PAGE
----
Using natural experimental studies to guide public health action: turning the evidence-based medicine paradigm on its head.
Journal of Epidemiology and Community Health 2019 ; 74: 203-208.
Ogilvie D, Adams J, Bauman A, Gregg EW, Panter J, Siegel KR, Wareham NJ, White M
DOI : 10.1136/jech-2019-213085
PubMed ID : 31744848
PMCID : PMC6993029
URL : https://jech.bmj.com/content/74/2/203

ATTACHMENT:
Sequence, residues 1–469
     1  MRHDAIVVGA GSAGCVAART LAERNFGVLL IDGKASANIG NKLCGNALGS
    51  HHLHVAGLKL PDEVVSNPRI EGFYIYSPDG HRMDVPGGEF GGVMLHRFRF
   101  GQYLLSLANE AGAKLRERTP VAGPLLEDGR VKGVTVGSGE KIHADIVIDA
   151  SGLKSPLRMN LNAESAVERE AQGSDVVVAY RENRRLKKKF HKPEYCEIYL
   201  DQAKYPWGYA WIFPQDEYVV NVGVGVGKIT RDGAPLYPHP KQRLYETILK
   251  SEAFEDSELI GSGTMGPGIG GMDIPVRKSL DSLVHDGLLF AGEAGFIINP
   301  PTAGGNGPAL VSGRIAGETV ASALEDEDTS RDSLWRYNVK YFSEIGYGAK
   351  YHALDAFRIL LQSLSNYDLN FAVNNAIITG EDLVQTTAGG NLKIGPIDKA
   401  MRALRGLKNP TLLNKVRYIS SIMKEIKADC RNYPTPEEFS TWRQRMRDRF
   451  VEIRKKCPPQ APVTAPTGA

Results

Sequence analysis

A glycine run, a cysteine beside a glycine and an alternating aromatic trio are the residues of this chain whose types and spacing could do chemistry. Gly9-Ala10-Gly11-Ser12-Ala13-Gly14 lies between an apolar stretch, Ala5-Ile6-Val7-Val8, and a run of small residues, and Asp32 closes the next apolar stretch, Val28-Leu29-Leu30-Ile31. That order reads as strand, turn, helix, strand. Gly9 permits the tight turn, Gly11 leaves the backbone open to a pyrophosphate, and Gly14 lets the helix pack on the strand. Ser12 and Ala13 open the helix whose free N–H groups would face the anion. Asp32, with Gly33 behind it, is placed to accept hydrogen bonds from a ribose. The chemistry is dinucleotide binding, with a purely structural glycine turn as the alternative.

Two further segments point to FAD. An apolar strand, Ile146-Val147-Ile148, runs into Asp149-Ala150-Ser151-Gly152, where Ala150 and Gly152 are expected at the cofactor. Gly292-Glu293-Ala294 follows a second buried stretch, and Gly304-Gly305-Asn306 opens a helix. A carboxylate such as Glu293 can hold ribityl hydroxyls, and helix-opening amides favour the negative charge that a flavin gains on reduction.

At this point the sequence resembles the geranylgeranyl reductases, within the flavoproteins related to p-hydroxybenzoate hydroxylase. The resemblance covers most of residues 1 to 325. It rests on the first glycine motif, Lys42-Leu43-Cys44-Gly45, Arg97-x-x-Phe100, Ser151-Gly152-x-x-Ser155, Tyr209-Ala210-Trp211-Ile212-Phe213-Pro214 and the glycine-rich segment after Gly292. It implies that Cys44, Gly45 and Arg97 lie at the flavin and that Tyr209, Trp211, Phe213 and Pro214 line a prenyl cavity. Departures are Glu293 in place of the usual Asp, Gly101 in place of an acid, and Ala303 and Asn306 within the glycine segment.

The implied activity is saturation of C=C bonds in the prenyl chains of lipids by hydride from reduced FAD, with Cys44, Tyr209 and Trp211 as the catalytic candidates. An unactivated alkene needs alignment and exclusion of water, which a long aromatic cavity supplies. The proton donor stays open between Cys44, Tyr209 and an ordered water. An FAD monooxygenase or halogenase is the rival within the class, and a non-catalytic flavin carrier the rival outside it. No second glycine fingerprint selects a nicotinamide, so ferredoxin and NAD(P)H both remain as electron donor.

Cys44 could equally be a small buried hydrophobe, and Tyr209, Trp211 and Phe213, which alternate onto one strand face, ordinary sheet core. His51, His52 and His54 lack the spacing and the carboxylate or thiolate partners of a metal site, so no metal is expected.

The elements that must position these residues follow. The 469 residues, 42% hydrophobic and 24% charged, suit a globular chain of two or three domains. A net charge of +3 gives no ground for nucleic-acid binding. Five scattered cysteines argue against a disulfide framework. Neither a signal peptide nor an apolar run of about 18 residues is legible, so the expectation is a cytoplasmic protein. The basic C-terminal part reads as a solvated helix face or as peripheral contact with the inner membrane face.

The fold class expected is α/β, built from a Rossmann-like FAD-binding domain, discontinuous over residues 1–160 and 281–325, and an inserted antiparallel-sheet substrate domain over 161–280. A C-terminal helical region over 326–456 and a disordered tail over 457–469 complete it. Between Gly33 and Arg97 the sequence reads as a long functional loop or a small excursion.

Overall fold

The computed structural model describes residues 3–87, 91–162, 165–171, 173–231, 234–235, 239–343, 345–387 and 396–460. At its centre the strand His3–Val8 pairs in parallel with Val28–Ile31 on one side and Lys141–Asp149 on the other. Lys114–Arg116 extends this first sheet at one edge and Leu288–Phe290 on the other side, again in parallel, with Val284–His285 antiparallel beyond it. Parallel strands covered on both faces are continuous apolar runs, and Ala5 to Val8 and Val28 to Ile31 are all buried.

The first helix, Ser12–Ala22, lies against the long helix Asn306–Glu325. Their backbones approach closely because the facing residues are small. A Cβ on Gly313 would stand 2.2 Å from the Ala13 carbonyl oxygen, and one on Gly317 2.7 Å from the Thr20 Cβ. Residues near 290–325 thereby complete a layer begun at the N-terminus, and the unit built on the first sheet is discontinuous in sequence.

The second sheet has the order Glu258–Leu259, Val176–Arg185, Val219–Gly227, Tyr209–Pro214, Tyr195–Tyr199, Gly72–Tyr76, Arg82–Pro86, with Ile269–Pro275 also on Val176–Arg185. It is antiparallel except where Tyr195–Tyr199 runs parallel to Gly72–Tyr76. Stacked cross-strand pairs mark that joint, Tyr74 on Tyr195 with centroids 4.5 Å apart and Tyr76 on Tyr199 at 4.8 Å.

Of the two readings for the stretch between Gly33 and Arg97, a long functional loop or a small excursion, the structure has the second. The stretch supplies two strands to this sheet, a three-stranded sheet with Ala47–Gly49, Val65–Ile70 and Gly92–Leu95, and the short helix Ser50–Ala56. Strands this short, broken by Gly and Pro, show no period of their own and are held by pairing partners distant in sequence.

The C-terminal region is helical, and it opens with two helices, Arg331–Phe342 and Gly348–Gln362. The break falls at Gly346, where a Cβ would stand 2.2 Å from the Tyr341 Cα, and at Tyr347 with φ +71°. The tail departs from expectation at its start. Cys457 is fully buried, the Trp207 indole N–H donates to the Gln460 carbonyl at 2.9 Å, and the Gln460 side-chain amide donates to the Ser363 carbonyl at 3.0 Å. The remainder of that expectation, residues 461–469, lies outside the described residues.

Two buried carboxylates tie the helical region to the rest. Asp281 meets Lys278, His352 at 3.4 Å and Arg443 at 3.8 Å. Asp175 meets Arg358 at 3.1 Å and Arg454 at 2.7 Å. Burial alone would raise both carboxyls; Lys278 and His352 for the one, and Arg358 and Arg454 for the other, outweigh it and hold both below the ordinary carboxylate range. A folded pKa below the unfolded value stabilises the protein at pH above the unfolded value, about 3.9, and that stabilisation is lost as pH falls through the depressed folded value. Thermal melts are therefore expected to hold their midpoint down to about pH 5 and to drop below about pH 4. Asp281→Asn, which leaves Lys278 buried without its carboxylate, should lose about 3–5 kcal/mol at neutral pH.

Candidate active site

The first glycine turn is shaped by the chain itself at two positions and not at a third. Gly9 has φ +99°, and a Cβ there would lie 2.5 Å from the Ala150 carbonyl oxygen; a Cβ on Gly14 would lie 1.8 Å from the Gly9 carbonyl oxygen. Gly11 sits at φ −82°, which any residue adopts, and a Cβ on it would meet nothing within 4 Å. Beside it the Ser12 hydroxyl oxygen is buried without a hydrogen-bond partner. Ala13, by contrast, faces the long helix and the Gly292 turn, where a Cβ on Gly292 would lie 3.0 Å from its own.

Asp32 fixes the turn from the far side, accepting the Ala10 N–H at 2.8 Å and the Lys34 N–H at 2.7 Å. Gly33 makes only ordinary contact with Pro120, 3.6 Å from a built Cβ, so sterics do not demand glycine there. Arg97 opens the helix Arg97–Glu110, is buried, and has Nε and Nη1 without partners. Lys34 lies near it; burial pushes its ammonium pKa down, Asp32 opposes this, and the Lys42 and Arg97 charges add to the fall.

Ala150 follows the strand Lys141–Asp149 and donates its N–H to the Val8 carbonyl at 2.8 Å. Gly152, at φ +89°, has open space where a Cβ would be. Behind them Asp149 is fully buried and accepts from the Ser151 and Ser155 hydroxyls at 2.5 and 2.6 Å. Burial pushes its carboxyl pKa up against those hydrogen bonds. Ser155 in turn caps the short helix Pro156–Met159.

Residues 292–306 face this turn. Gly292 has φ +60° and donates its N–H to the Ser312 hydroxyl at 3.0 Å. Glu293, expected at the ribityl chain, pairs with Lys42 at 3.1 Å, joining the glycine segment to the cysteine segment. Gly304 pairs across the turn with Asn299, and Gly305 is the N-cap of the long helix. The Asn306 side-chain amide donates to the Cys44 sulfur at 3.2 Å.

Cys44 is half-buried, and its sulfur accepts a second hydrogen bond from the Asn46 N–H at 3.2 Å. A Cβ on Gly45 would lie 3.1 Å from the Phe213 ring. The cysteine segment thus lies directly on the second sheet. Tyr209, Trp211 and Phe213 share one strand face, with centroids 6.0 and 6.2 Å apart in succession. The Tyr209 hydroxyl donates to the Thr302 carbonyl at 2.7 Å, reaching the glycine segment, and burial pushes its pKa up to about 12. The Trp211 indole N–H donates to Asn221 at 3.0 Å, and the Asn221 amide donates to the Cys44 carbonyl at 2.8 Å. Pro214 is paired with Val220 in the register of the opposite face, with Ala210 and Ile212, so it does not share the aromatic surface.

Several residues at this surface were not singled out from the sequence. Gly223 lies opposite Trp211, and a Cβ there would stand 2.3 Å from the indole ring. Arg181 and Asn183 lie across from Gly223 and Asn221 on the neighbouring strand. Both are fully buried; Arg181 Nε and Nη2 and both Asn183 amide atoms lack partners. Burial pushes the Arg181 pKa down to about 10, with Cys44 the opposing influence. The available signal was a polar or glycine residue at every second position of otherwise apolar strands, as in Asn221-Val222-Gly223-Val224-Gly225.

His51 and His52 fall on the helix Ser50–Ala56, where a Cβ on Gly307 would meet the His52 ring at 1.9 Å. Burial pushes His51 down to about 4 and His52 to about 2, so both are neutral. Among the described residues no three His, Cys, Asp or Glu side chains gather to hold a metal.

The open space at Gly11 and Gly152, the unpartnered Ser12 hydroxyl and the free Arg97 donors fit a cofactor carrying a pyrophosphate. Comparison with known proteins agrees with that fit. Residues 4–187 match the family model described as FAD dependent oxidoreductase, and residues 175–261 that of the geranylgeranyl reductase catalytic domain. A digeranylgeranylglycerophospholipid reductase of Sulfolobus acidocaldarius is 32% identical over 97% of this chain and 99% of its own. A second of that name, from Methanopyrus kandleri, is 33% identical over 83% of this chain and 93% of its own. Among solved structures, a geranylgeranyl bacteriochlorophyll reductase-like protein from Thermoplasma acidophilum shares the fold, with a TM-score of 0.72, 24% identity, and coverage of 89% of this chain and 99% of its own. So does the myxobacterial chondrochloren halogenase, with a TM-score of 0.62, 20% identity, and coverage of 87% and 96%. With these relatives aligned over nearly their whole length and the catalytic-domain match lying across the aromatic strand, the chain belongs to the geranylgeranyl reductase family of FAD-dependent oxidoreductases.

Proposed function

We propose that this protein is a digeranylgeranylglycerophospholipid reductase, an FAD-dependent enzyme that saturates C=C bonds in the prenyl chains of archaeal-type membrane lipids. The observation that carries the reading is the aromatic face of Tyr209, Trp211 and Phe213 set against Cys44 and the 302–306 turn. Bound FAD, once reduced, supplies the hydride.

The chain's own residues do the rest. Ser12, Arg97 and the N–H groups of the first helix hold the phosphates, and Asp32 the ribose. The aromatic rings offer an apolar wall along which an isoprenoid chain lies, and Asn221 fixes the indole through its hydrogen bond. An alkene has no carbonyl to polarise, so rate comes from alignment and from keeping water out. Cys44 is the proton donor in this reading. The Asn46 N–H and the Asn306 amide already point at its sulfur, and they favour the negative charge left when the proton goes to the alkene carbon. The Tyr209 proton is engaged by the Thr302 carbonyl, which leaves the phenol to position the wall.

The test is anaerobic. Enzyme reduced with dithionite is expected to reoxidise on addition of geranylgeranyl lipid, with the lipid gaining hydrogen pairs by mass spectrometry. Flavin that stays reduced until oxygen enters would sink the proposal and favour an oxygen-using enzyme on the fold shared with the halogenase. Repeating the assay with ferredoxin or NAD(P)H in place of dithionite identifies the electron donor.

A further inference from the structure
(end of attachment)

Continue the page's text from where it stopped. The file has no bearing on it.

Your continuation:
Despite smaller effect sizes, interventions delivered at population level to prevent non-communicable diseases generally have greater reach, impact and equity than those delivered to high-risk groups. Nevertheless, how to shift population behaviour patterns in this way remains one of the greatest uncertainties for research and policy. Evidence about behaviour change interventions that are easier to evaluate tends to overshadow that for population-wide and system-wide approaches that generate and sustain healthier behaviours. Population health interventions are often implemented as natural experiments, which makes their evaluation more complex and unpredictable than a typical randomised controlled trial (RCT). We discuss the growing importance of evaluating natural experiments and their distinctive contribution to the evidence for public health policy. We contrast the established evidence-based practice pathway, in which RCTs generate 'definitive' evidence for particular interventions, with a practice-based evidence pathway in which evaluation can help adjust the compass bearing of existing policy. We propose that intervention studies should focus on reducing critical uncertainties, that non-randomised study designs should be embraced rather than tolerated and that a more nuanced approach to appraising the utility of diverse types of evidence is required. The complex evidence needed to guide public health action is not necessarily the same as that which is needed to provide an unbiased effect size estimate. The practice-based evidence pathway is neither inferior nor merely the best available when all else fails. It is often the only way to generate meaningful evidence to address critical questions about investing in population health interventions.